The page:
Lynn Karoly is a senior economist at the RAND Corporation and a professor at the Pardee RAND Graduate School. Her research has examined human capital investments, social welfare policy, child and family well-being, and labor markets. Much of her recent child policy research has focused on early care and education (ECE) programs with studies of their use and quality, publicly subsidized programs such as Head Start, professional development for the ECE workforce, and quality rating and improvement systems. She is currently leading an evaluation of recent reforms to CalWORKs, California's Temporary Assistance for Needy Families program. Related work includes an assessment of causal impacts of the major U.S. means-tested cash, in-kind, and human capital investment programs and a comprehensive synthesis of the welfare reforms of the 1990s. In other work, she has applied benefit-cost analysis and related tools to evaluate social programs including early childhood interventions and youth development programs. Other research has focused on self-employment and retirement among older workers; the future of the workforce and workplace in the United States; and human capital, labor market, and demographic policies in the Middle East. Karoly served as director of RAND's Office of Research Quality Assurance from 2004 to 2014 and director of RAND Labor and Population from 1995 to 2003. Her professional service includes serving as the 2017 president of the Society for Benefit-Cost Analysis and prior editorial roles for the Journal of Benefit-Cost Analysis and The Journal of Human Resources. Karoly received her Ph.D. in economics from Yale University.


Rebecca Maynard

University Trustee Professor of Education and Social Policy,
Graduate School of Education, University of Pennsylvania

Dr. Maynard is a leading expert in the design and conduct of randomized controlled trials in the areas of education and social policy. She has conducted influential methodological research, including co-developing PowerUP! to support efficient sample designs for causal inference studies, and she has been influential in advancing the development and application of research synthesis methods. In 2016 she will step down from a 12-year tenure as director of the University of Pennsylvania’s Predoctoral Training Program in Interdisciplinary Methods for Field-based Education Research, which has served more than 75 Ph.D. students from Arts and Sciences, Business, and Education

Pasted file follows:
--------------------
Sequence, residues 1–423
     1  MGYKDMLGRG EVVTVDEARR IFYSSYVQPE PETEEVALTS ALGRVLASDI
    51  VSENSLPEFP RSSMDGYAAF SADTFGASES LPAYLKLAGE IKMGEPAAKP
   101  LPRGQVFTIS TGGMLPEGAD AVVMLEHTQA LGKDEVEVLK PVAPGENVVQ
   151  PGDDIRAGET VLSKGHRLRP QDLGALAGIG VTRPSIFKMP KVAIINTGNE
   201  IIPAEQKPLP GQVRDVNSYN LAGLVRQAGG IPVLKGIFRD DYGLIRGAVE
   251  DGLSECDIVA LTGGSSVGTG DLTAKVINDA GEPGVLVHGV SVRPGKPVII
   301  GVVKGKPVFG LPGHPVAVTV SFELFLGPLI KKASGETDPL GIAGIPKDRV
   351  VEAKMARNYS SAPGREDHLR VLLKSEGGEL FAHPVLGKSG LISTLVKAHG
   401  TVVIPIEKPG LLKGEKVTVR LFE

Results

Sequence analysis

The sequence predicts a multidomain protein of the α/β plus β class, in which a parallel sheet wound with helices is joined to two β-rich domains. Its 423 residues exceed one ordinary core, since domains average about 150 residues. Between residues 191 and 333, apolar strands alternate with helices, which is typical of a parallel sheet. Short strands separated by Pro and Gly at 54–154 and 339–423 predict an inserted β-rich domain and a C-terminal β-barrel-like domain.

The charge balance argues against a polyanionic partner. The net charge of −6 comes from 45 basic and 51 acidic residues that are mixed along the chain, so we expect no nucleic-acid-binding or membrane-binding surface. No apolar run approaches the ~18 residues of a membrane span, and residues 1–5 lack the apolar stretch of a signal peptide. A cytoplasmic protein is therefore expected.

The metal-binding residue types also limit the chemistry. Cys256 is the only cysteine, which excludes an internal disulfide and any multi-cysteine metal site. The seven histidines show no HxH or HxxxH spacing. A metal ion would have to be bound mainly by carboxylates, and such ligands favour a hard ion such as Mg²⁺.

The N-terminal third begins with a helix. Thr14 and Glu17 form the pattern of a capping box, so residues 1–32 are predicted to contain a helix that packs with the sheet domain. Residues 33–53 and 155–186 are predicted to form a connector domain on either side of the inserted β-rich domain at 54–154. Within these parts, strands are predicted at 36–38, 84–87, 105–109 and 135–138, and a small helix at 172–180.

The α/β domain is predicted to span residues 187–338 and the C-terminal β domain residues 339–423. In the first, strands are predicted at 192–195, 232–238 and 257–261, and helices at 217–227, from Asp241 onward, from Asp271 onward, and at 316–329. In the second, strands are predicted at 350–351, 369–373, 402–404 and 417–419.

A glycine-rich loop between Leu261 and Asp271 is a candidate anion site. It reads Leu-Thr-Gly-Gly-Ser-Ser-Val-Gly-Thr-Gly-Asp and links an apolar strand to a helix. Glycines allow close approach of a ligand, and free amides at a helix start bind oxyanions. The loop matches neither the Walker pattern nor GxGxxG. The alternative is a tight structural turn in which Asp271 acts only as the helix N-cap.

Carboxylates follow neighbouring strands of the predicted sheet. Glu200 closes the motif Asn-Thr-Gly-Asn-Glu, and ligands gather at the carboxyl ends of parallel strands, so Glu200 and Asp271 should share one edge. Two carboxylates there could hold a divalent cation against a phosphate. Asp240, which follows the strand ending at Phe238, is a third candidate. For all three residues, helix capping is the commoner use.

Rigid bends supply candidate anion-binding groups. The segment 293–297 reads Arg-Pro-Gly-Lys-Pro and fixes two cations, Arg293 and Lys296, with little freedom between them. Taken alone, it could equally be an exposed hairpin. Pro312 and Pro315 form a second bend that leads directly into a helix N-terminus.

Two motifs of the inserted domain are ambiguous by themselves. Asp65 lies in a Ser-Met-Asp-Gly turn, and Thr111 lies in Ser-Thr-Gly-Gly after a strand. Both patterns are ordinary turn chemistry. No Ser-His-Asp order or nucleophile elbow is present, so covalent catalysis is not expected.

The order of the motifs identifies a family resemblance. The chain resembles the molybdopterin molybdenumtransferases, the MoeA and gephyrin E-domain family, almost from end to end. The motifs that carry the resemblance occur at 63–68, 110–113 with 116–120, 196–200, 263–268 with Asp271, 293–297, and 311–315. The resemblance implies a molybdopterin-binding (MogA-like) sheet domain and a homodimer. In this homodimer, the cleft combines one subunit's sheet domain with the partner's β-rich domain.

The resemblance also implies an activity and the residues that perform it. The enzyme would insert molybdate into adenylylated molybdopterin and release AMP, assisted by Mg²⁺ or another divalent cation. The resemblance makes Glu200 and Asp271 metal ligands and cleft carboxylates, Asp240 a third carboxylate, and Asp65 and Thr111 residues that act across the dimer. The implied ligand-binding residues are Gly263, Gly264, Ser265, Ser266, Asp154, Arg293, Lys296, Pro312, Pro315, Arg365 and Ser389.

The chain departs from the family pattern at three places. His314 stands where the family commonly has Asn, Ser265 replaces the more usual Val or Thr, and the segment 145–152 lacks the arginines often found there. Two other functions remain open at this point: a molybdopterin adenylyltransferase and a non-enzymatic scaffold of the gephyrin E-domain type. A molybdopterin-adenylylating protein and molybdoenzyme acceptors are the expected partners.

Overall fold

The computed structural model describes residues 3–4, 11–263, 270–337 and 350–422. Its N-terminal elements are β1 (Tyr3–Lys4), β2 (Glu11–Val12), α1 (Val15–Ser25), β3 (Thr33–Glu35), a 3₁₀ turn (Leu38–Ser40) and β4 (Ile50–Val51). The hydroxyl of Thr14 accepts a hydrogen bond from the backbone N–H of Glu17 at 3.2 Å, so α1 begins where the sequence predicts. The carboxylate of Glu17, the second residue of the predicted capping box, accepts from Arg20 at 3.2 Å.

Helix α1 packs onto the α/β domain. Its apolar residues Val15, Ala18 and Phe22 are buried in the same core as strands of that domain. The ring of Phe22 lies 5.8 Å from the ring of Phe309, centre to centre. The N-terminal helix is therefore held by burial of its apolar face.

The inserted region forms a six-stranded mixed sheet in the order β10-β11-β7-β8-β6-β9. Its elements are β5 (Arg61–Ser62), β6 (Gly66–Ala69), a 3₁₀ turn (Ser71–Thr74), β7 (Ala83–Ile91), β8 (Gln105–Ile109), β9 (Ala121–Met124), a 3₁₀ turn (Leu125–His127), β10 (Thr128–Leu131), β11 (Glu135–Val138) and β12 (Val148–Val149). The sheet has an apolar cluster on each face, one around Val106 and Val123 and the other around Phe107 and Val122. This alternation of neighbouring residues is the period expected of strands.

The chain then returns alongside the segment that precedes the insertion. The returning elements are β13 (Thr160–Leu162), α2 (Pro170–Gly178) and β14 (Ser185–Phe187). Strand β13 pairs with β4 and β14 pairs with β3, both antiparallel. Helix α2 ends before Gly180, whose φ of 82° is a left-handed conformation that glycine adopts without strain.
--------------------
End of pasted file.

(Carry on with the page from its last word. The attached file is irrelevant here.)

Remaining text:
From 2010 through 2012, Dr. Maynard served as Commissioner of the National Center for Education Evaluation and Regional Assistance at the Institute of Education Sciences (IES). As Commissioner, she oversaw the Institute’s evaluation initiatives, the What Works Clearinghouse, the Regional Education Laboratories, and the National Library of Education (including ERIC). Prior to joining the faculty at the University of Pennsylvania in 1993, she was Senior Vice President at Mathematica Policy Research, Inc


Brian Scholl

Principal Economic Advisor and Senior Economist,
U.S. Securities and Exchange Commission

Dr. Brian Scholl is Principal Economic Advisor and Senior Economist of the Office of the Investor Advocate (OIAD). He directs economic research for OIAD and advises on economic and financial market policy. A prominent advocate for evidence-based policymaking, Dr. Scholl designed and launched the SEC’s new investor-testing research initiative POSITIER (Policy-Oriented Stakeholder and Investor Testing for Innovative and Effective Regulation), which provides an array of rapidly deployable, investor-focused data collection capacities to inform investor research and rulemaking. POSITIER has ongoing research streams in the areas of improving investor experience through more effective disclosure, as well as on investor perceptions and behavior.